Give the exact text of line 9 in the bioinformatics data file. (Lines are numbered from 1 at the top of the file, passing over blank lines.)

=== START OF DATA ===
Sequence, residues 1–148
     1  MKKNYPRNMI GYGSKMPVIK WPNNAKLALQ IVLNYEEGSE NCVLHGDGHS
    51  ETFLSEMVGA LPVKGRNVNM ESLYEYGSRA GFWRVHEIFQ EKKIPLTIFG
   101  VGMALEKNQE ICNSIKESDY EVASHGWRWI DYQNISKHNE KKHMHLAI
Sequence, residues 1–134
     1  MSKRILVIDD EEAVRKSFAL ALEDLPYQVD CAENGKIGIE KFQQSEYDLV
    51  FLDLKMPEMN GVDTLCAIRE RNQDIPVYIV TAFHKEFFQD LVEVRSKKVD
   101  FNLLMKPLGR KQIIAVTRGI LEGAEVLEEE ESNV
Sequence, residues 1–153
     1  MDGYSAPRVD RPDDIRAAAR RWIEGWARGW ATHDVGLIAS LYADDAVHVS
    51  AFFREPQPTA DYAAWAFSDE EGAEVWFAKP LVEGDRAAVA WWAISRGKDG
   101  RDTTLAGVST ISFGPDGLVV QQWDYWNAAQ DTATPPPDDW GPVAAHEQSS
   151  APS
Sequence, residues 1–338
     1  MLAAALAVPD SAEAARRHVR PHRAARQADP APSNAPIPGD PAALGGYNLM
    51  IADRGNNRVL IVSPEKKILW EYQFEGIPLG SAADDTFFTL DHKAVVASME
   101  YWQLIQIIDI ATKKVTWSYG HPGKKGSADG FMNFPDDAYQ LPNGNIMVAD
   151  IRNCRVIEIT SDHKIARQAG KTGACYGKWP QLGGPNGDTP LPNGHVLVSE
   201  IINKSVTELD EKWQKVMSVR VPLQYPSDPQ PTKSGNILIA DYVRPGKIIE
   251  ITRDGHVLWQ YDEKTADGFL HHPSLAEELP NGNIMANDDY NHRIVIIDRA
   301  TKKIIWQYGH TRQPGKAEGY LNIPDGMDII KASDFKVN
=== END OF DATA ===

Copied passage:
Sequence, residues 1–153